7 Things ‘Zelda: Breath of the Wild’ Does Different
One of the biggest upcoming Wii U and Nintendo Switch games is The Legend of Zelda: Breath of the Wild. Nintendo pulled the lid off the game at E3 by streaming hours of footage to anyone who wanted to take a look at how it’s shaping up. What’s clear to longtime fans is that The Legend of Zelda: Breath of the Wild represents a major departure for the series in a number of important ways. This isn’t the Zelda you grew up playing. This one is much bigger and deeper.
I’m going to go out on a limb and say this is good news for fans. If you want to play a traditional Zelda game, you have your pick of over a dozen titles released across all Nintendo platforms over the past 30 years. With this new one, Nintendo is making what might be its most ambitious game ever.
To tide us over until we can get our hands on Breath of the Wild in 2017, let’s look at the ways it breaks with the series’ traditions.
1. A true open world
The worlds in previous Zelda games have had varying degrees of openness, but they’ve never come close to the size and freedom offered by Breath of the Wild. According to the developers, the sprawling area shown in the demo represents just one percent of the game’s full size. Put another way, Breath of the Wild will be 12 times larger than the previous holder of “largest Zelda game ever” award, Skyward Sword.
Not only that, but the game is apparently so open that, immediately after starting it, you can go directly to confront the final boss, skipping everything else that’s supposed to happen in between. That leaves tons of room for player choice, something we haven’t seen very much of in Zelda games past.
Although Breath of the Wild will feature the kinds of big, puzzle-filled dungeons we’ve come to expect in Zelda games, it will also have over 100 shrines, which are basically mini-dungeons. Shrines will have puzzles to solve and enemies to defeat, and will reward players with treasure or even new skills for completing them.
3. Crafting and cooking
Zelda games practically defined what an action RPG was for over two decades. But in recent years, other games like The Elder Scrolls and The Witcher have added to the formula far more than Zelda games. So it’s no surprise that Nintendo has taken Breath of the Wild as an opportunity to play catch-up on things that have become standard in the genre, like crafting and cooking.
Instead of finding hearts to replenish your lost health, Link now has to rely on his survival skills, which include picking up things like apples, mushrooms, and meat, and cooking them into consumables that can heal him or give him helpful status effects.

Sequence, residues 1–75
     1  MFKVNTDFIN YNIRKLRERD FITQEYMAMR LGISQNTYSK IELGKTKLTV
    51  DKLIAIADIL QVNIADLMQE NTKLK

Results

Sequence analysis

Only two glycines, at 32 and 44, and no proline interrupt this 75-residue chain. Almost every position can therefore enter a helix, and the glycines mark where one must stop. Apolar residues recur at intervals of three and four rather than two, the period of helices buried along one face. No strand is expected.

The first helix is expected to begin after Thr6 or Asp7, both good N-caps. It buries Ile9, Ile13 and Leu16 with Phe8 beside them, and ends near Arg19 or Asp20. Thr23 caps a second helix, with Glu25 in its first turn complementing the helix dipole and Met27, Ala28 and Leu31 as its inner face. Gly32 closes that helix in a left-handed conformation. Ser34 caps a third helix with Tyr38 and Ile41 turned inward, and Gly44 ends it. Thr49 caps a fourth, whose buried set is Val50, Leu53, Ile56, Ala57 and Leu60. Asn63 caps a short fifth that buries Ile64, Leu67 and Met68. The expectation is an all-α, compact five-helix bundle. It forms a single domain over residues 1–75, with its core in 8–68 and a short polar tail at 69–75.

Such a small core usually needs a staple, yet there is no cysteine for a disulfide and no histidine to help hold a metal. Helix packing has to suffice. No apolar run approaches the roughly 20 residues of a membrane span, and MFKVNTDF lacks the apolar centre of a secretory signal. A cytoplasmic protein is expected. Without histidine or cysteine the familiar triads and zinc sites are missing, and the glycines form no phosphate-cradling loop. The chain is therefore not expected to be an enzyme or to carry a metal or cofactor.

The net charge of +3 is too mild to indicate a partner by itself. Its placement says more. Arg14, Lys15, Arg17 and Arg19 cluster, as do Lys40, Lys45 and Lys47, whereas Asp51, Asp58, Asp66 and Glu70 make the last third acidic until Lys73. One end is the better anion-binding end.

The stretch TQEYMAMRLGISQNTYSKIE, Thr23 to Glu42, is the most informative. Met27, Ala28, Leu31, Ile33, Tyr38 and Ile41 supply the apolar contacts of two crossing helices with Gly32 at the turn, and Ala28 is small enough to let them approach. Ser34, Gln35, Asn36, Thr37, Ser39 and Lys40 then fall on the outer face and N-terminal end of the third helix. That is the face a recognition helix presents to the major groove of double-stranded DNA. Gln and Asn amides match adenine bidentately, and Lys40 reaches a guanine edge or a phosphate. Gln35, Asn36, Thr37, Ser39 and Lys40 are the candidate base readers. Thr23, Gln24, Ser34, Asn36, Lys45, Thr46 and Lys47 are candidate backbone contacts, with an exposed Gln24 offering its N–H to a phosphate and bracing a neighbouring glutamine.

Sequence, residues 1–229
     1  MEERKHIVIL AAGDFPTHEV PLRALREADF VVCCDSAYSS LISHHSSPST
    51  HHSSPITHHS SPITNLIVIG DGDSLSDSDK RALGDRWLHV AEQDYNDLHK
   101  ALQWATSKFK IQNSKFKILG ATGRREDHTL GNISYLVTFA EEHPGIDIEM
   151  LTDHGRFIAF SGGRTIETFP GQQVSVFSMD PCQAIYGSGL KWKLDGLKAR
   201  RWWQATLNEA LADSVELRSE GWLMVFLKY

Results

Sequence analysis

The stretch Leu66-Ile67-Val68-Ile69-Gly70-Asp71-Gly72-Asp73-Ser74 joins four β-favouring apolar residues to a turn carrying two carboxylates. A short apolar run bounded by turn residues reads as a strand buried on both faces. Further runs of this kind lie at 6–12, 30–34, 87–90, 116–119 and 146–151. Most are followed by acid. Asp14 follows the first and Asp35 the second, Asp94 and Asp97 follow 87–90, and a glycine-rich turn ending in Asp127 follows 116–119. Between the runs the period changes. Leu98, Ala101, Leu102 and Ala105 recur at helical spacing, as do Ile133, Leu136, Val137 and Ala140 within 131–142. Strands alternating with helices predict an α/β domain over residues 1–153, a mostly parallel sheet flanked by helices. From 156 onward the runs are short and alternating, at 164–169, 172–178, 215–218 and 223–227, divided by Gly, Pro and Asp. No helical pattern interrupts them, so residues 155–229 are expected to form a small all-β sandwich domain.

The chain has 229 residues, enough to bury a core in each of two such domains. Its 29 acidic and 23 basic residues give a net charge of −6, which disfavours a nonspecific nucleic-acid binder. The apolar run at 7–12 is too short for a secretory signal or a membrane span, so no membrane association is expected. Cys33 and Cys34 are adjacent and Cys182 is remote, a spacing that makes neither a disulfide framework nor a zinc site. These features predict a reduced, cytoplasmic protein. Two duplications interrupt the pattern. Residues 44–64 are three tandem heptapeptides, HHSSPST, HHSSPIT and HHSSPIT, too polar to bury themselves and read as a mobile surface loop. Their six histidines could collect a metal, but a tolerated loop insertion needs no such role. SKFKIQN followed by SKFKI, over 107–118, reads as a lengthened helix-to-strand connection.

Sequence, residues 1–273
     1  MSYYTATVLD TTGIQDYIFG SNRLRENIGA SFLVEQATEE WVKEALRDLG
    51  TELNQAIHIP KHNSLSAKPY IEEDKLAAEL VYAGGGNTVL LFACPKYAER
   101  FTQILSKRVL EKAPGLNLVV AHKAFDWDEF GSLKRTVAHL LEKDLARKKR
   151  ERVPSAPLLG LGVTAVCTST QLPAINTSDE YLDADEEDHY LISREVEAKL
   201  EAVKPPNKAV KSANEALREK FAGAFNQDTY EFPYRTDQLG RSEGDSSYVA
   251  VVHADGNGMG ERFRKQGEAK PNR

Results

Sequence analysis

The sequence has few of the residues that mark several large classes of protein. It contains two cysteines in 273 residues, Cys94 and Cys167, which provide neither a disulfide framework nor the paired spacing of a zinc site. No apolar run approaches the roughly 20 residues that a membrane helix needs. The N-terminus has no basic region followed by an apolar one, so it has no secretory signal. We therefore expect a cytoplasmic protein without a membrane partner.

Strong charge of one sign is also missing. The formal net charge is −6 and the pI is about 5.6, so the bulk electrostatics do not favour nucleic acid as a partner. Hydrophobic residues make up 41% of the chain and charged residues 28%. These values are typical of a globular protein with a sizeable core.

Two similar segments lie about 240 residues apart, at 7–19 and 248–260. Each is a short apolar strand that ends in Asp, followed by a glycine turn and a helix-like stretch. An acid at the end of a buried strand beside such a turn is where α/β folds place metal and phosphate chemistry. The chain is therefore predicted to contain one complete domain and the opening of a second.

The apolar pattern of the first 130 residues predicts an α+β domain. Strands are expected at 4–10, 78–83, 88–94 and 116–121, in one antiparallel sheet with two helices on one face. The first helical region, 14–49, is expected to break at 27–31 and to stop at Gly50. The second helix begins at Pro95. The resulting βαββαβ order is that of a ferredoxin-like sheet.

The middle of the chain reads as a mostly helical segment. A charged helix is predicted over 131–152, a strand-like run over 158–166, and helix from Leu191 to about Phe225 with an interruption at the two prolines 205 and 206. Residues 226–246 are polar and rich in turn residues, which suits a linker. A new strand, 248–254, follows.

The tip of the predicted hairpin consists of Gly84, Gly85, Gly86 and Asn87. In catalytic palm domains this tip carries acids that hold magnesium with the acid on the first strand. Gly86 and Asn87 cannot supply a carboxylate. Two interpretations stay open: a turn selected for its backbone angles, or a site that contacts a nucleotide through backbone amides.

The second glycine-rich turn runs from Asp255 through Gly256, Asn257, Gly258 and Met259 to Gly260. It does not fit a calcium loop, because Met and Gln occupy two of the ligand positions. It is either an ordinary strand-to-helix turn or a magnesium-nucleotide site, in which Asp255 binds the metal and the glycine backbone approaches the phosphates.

4. Item degradation
In previous Zelda games, once you found an item, it was yours for the rest of the game. That’s not so in Breath of the Wild, thanks to item degradation. Your swords and shields will gradually deteriorate as you use them, eventually breaking and becoming useless.
The purpose of this new system seems to be to keep players experimenting with new weapons. Enemies drop weapons left and right in this game, so you’ll never find yourself far from a new one you can pick up and use to wallop enemies.
5. Physics and weather
Physics play a large role in the new Zelda. You can drop heavy items onto enemies to hurt them. You can start a fire in a field of grass and watch it spread. You get a magnet that lets you drag around metallic objects. You can climb up cliffs and use your shield as a sled to slide down hills. You can even climb onto giant enemies, Shadow of the Colossus-style, to attack their weak spots.
The game also has weather conditions that interact realistically with the game world. If it starts raining, it will put out fires. If it storms, you’ll see lightning strike metallic items around you. When you ascend a snowy mountain, you’ll need to dress in something warm or your health bar will drain. The level of environmental interaction looks far more intricate and realistic than in any other Zelda games.
6. Multiple solutions to puzzles
Puzzles in most Zelda games take place in tightly controlled areas, and can be solved with only one solution. That’s not necessarily the case in Breath of the Wild. Since it’s an open-world game with a fully functional physics engine, the puzzles you’ll find will often have many possible solutions. All it takes is a bit of creativity and a willingness to try.
7. Finally, a jump button
Link can jump in some of the previous Zelda games, but it almost always happens automatically when you dash off a ledge. In Breath of the Wild, players can finally press a button to make Link jump anytime they want.
The Legend of Zelda: Breath of the Wild is the last major game coming to Wii U and one of the biggest games expected in the first year of the Nintendo Switch’s life. Nintendo has a lot riding on it, and it’s clear the company no longer feels bound by the series’ tradition. It remains to be seen if the whole game will be fun to play and explore, but so far it’s looking good.